Warren Spector

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Warren Spector
11.30.10SpectorDavidByLuigiNovi2.jpg
Spector in 2010
Born (1955-10-02) October 2, 1955 (age 66)
Alma materNorthwestern University (B.S.)
University of Texas at Austin (M.A.)
Occupation
Spouse(s)
(m. 1987)

Warren Evan Spector (born October 2, 1955[1]) is an American role-playing and video game designer, director, writer, producer and production designer. He is known for creating immersive sim games, which give players a wide variety of choices in how to progress.[2] Consequences of those choices are then shown in the simulated game world in subsequent levels or missions. He is best known for the critically acclaimed video game Deus Ex that embodies the choice and consequence philosophy while combining elements of the first-person shooter, role-playing, and adventure game genres.[3] In addition to Deus Ex, Spector is known for his work while employed by Looking Glass Studios, where he was involved in the creation of several acclaimed titles including Ultima Underworld, Ultima Underworld II, System Shock, and Thief: The Dark Project. He is employed by OtherSide Entertainment, where he was part of the development team for now-cancelled System Shock 3.[4][5] He is currently working on a new immersive sim based on an original intellectual property.[5]

Early life[edit]

Spector grew up in Manhattan, which he described as a sometimes hostile environment where "short, pudgy, Jewish kids didn't fare well".[1] He showed an intense devotion to whatever topic became his focus at any given time, from dinosaurs and airplanes as a small boy, to an interest in law by the sixth grade.[1] At age 13, Spector had decided he wanted to be a film critic, and by high school, his interests expanded to include cars and basketball.[1]

Spector and game designer Greg Costikyan were friends since high school.[6]

Spector attended Northwestern University in Illinois, still intending to become a film critic, stating that he "knew more about movies than a lot of my teachers".[1] Spector earned his BS in Communications at Northwestern, and went on to earn his MA in Radio-TV-Film at the University of Texas at Austin in 1980.[1] His thesis was a critical history of Warner Bros. cartoons.[7]

All through college, Spector enjoyed gaming, and recalls that he "played Avalon Hill games mainly, and a lot of OGRE and G.E.V. games, and Rivets from Metagaming. It was all boardgames until I became friends with science-fiction writers who were into D&D games, so I gave the game a try. I was hooked."[1] Spector taught several undergraduate classes at the University of Texas at Austin, on the history, theory, and criticism of film.[1]

Career[edit]

Tabletop role-playing games[edit]

In 1983, after a job at the Harry Ransom Center as an archivist in charge of the David O. Selznick collection ended after a few months, Spector recalls that he "was sitting around, wondering how I was going to pay the next month's rent, when I got a call from Chris Frink. He was a writer for a weekly entertainment magazine I used to edit in college. Anyway, he said that he was now editor of Space Gamer magazine and asked if I wanted a job. So, in the fall of 1983, I started as an editor."[1] Within a short time, Spector became the editor-in-chief for all Steve Jackson Games products, the company that owned and published Space Gamer magazine. Spector began producing role-playing games for the company, stating, "I supervised game development, typesetting, and the art and graphic departments."[1] Greg Costikyan developed Toon (1984), based on an idea by Jeff Dee; Costikyan only intended the game to be an article in Fantasy Gamer magazine, but Spector liked the idea and expanded it into a complete role-playing system, publishing it as the first full role-playing game from Steve Jackson Games.[8]: 104  Spector wrote the early Paranoia game supplement Send in the Clones (1985) with Allen Varney.[8]: 189  Spector also worked on the GURPS role-playing game.[9] In March 1987 he was hired by TSR, initially working on games such as Top Secret/S.I. and the Marvel Super Heroes role-playing game.[1] He also worked on The Bullwinkle and Rocky Party Roleplaying Game, and the second edition AD&D rules set, as well as board games, choose-your-own-adventure books, and novels.[9] Spector spent some time in TSR's R&D department, helping launch, among other things, Spelljammer.[citation needed]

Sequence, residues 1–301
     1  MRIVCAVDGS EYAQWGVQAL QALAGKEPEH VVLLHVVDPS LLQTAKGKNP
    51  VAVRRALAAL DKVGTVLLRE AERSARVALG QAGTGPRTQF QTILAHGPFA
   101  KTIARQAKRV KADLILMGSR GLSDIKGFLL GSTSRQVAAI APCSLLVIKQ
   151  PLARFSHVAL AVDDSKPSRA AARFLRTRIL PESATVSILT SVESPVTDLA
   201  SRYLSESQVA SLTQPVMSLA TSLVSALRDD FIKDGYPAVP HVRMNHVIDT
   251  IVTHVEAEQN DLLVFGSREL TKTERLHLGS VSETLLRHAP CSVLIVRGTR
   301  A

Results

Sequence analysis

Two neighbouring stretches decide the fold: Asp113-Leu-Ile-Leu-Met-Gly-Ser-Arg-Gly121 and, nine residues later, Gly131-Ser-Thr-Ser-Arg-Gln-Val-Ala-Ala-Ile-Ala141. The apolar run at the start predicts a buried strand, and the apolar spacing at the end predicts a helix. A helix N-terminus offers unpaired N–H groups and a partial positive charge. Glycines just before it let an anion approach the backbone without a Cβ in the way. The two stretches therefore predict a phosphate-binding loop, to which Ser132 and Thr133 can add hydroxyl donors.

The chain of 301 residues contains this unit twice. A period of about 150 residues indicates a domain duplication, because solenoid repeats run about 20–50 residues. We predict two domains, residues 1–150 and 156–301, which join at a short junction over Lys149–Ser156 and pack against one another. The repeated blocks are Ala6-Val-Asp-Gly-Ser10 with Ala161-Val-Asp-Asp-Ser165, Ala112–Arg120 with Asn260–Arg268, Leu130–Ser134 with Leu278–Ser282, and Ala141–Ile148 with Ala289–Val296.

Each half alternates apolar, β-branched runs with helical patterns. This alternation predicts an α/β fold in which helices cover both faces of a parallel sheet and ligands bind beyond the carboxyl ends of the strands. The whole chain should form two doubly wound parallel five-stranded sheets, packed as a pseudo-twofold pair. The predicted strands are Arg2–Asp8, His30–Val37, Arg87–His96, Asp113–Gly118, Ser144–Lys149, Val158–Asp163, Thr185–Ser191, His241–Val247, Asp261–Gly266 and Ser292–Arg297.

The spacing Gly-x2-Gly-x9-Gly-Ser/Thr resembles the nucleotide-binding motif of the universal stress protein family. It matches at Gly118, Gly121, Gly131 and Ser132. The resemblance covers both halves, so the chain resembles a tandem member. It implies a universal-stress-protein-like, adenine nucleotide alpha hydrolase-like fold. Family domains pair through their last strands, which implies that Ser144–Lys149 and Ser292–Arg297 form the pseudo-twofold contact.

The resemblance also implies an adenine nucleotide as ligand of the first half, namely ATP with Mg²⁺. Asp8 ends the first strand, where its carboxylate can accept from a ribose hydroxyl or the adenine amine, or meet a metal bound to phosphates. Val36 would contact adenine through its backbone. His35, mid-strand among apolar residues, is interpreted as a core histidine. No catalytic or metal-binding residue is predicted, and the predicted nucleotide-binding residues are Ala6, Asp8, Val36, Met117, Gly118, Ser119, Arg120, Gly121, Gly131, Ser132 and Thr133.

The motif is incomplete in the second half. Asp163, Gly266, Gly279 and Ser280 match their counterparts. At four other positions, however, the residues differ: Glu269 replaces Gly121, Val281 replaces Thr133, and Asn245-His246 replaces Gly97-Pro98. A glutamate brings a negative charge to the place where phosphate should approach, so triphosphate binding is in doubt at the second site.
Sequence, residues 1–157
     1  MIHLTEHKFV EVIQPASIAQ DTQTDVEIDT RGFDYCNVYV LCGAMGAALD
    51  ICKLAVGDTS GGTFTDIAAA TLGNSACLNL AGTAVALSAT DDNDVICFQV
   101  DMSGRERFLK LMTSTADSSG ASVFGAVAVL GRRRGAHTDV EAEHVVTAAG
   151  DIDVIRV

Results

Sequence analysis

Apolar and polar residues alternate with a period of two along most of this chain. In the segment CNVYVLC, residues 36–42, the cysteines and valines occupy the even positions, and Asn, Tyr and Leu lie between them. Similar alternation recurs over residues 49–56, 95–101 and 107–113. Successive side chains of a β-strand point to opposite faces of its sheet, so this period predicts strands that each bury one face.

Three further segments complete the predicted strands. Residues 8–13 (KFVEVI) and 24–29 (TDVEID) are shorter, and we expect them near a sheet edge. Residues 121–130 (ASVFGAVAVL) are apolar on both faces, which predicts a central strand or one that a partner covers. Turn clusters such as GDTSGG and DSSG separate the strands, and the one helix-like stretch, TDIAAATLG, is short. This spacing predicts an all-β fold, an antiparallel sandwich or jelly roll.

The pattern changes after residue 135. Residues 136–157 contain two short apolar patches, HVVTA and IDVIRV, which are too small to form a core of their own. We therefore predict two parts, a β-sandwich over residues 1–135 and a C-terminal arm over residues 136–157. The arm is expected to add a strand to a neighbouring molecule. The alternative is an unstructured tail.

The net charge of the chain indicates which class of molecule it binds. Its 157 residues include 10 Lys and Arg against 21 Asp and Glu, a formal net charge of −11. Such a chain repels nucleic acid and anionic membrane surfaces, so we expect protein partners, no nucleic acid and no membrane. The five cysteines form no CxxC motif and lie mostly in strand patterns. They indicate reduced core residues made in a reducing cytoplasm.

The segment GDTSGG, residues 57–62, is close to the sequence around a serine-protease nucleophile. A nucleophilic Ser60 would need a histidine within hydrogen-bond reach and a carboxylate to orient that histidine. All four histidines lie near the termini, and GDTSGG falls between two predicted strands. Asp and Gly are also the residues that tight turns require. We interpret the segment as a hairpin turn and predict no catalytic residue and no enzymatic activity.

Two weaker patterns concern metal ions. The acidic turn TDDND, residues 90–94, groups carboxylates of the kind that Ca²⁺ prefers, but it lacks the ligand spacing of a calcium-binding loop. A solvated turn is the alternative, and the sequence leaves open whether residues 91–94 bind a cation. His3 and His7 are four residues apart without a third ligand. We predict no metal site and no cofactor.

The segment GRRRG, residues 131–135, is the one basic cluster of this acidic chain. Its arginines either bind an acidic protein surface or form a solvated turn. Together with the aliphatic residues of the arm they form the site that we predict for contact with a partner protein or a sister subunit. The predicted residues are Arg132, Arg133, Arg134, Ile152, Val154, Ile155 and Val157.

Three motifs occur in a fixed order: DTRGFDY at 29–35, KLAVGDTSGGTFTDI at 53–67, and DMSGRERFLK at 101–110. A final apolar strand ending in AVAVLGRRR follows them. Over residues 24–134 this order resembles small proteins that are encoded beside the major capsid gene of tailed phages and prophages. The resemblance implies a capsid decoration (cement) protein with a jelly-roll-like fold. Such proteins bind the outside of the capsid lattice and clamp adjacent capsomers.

Origin and Looking Glass[edit]

In 1989, Spector entered the video game industry and joined Origin, where he co-produced Ultima VI and Wing Commander and produced Ultima Underworld and Ultima Underworld II, Ultima VII Part Two: Serpent Isle, System Shock, Wings of Glory, Bad Blood, Martian Dreams, and others.[9][10] He later became general manager of Looking Glass Austin.[9] He worked briefly on Dark Camelot, which later became Thief: The Dark Project.[citation needed] However, Spector left Looking Glass soon afterward, just before Thief shipped, to pursue other interests.[11] According to Spector, his decision to dissolve the Austin branch was prompted by the company's ongoing financial struggles and the realization that "continued existence of the Austin Studio was going to jeopardise the existence of Looking Glass overall".[12]

Ion Storm[edit]

In 1996, Spector was about to sign a contract with EA to do an unannounced project (which was revealed to be a "Command & Conquer Role-Playing Game") when he got a call from John Romero to join him at Ion Storm; Romero persuaded Spector by offering him the chance to make the game of his dreams with no creative interference and a big marketing budget.[12] Spector later agreed.[13] In 1997 he founded Ion Storm's Austin development studio, and his "dream project" later became the award-winning action/RPG called Deus Ex.[9][10] As Ion Storm studio director, he oversaw development of Deus Ex: Invisible War (2003) and Thief: Deadly Shadows (2004).[9] In 2004, Spector left Ion Storm to "pursue personal interests outside the company".[14] Ion Storm was closed by owners Eidos Interactive in February 2005.[15]